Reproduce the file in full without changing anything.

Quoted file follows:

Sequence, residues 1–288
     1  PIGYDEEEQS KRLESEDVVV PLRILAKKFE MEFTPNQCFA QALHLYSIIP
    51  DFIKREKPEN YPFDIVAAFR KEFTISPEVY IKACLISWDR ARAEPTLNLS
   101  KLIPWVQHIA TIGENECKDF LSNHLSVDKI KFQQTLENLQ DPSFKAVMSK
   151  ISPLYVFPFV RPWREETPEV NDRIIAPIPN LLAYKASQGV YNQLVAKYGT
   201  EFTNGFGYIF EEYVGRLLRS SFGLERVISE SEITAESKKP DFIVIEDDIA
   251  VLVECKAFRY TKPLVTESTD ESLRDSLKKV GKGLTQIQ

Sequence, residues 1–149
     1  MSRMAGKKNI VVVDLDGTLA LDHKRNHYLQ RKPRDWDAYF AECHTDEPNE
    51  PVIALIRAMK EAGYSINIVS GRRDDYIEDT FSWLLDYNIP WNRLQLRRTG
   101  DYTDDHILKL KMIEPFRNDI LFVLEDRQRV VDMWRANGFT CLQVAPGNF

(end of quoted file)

Sequence, residues 1–288
     1  PIGYDEEEQS KRLESEDVVV PLRILAKKFE MEFTPNQCFA QALHLYSIIP
    51  DFIKREKPEN YPFDIVAAFR KEFTISPEVY IKACLISWDR ARAEPTLNLS
   101  KLIPWVQHIA TIGENECKDF LSNHLSVDKI KFQQTLENLQ DPSFKAVMSK
   151  ISPLYVFPFV RPWREETPEV NDRIIAPIPN LLAYKASQGV YNQLVAKYGT
   201  EFTNGFGYIF EEYVGRLLRS SFGLERVISE SEITAESKKP DFIVIEDDIA
   251  VLVECKAFRY TKPLVTESTD ESLRDSLKKV GKGLTQIQ

Sequence, residues 1–149
     1  MSRMAGKKNI VVVDLDGTLA LDHKRNHYLQ RKPRDWDAYF AECHTDEPNE
    51  PVIALIRAMK EAGYSINIVS GRRDDYIEDT FSWLLDYNIP WNRLQLRRTG
   101  DYTDDHILKL KMIEPFRNDI LFVLEDRQRV VDMWRANGFT CLQVAPGNF